The federal law driving the latest abortion battle at the US Supreme Court

The US Supreme Court has heard arguments about how close to death a woman must be to receive an abortion in states with strict bans.

The case, one with potentially sweeping consequences for emergency rooms across the country, centres on a federal law requiring hospitals to provide stabilising treatment to any patient who arrives with an "emergency medical condition".

The question before the Supreme Court now is whether that law, called the Emergency Medical Treatment and Labor Act or EMTALA, covers emergency abortions, even in states where the procedure is banned. In other words: if a doctor determines an abortion is the best treatment for a patient in jeopardy, are they protected from prosecution, no matter where they are?

The Biden administration has said yes. It has sued Idaho over its near-total abortion ban, which has an exception for the life - but not the health - of the mother.

"Women should not have to be near death to get care," said Department of Health and Human Services Secretary Xavier Becerra in a statement announcing the suit.

Idaho has countered, saying EMTALA cannot supersede its state law.

The Supreme Court's conservative majority seemed unconvinced that EMTALA could supersede Idaho's state ban.

But the three liberal female justices sounded highly sceptical of Idaho's argument, raising examples of women facing severe health complications who were denied abortions because of bans.

Here is a look at the arguments, and what's at stake.

What is EMTALA?

Congress enacted the law in 1986 to ensure all patients would receive a basic standard of emergency care, regardless of their insurance status or their ability to pay. It was meant to stop patient "dumping", a practice of transferring uninsured patients to public hospitals, regardless of the health consequences.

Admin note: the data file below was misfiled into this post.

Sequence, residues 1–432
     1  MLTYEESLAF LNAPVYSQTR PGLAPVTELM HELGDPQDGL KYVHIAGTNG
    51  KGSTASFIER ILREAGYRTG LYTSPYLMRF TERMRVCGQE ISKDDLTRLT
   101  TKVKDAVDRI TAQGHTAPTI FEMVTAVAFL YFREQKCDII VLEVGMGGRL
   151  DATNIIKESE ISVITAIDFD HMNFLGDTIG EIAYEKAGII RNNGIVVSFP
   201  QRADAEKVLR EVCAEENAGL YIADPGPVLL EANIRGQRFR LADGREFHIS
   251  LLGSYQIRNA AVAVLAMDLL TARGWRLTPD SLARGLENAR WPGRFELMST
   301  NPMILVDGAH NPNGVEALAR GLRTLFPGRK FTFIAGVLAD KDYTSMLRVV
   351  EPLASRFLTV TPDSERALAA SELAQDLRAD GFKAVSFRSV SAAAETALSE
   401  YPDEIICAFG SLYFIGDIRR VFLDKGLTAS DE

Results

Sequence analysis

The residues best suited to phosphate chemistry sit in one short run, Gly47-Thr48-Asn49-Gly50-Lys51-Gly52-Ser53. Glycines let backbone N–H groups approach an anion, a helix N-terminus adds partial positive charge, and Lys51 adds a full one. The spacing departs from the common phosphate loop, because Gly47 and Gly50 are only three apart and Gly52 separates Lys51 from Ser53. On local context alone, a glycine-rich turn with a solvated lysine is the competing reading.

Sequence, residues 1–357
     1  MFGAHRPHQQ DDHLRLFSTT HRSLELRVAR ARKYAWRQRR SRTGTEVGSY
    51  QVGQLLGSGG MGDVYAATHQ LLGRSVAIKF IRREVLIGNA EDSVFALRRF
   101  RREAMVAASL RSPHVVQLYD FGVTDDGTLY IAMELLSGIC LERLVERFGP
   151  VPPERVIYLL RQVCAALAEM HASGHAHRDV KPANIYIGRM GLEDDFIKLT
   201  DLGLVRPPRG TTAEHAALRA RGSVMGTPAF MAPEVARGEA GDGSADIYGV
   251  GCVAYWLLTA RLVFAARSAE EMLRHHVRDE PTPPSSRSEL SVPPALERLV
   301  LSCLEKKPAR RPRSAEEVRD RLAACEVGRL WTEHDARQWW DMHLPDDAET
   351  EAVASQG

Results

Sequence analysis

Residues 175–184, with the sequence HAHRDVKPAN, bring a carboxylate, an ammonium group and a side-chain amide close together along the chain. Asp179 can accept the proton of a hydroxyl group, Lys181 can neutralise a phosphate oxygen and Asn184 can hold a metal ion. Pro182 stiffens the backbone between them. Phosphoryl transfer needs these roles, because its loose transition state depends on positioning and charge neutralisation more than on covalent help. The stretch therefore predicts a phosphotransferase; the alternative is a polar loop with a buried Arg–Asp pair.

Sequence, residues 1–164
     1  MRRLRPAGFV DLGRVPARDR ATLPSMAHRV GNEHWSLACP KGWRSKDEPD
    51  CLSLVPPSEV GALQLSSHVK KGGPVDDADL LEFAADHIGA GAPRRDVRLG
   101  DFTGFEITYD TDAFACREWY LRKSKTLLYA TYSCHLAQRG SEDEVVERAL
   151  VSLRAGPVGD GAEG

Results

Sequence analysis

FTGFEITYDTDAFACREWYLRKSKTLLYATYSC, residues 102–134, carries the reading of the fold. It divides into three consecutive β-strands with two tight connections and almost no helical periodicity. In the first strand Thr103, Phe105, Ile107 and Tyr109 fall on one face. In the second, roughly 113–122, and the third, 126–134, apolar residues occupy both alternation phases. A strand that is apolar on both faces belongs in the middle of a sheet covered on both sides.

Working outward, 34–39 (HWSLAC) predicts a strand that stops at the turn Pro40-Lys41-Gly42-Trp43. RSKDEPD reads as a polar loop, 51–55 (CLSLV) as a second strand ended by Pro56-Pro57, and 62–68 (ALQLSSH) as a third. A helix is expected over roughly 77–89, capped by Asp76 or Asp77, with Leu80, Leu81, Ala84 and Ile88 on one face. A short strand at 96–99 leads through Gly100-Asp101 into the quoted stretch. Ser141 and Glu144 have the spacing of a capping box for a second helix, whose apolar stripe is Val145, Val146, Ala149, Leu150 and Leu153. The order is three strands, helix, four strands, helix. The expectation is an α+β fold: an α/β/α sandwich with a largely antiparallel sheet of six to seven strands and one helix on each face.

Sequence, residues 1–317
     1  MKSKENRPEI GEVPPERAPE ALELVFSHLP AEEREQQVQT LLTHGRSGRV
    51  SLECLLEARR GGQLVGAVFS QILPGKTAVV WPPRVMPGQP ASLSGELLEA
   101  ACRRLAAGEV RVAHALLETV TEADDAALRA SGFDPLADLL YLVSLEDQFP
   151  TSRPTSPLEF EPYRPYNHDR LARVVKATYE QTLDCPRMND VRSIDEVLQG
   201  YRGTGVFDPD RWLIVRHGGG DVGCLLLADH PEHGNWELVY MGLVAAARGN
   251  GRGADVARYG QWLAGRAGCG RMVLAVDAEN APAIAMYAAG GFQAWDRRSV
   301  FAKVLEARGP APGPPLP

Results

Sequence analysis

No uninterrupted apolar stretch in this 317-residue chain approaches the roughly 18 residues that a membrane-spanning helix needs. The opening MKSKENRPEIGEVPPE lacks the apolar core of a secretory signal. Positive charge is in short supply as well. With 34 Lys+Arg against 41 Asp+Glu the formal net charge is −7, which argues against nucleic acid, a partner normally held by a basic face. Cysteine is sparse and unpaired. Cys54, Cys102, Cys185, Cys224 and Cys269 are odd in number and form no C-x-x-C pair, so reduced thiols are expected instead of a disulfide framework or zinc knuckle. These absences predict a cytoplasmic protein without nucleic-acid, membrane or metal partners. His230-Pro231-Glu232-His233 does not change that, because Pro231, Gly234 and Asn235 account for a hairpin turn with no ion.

The law demands that all hospitals receiving Medicare funding - most hospitals in the US - provide stabilising treatment to any patient who arrives at the hospital's emergency room with an "emergency medical condition".

A procedure room at Planned Parenthood in Meridian, one of the few clinics in Idaho that offer abortions.
A procedure room at Planned Parenthood in Meridian, one of the few clinics in Idaho that offer abortions [Getty Images]

That goes beyond fatal conditions to include those that put a person's health "in serious jeopardy" or cause "serious impairment to bodily functions" or "any bodily organ".

Doctors and hospitals violating the law may face fines and loss of federal funding.

What does EMTALA have to do with abortion?

The law's text does not specifically mention abortion, or name specific treatments for different emergency conditions. It just asks that providers use accepted standards of care for each patient.

But when the Supreme Court overturned Roe v Wade in 2022, the Biden administration issued a memo saying that EMTALA covers cases where an abortion is needed to stabilise a patient.

"When state law prohibits abortion and does not include an exception for the life of the pregnant person - or draws the exception more narrowly than EMTALA's emergency medical condition definition - that state law is pre-empted," the memo said.

Leading medical groups like the American Medical Association and the American Hospital Association, have agreed, telling the Supreme Court in an amicus brief that under EMTALA, abortions may be provided as necessary stabilising care.

How does this apply to Idaho?

Shortly after Roe was overturned, Idaho's Defense of Life Act became law. It banned abortion from the point of conception in almost all cases, and made performing or assisting in an abortion a felony crime, punishable by up to five years in prison.

The law has an exception to prevent the death of the pregnant person. But it does not make exceptions for threats to the mother's health, or for long-term medical complications.

The bill's sponsor, Republican state Senator Todd Lakey, said during one debate that the health of the mother "weighs less, yes, than the life of the child", referring to the foetus.

Abortion rights supporters hold placards on the day the Supreme Court justices hear oral arguments over the legality of Idaho's Republican-backed, near-total abortion ban in medical-emergency situations, at the U.S. Supreme Court in Washington, DC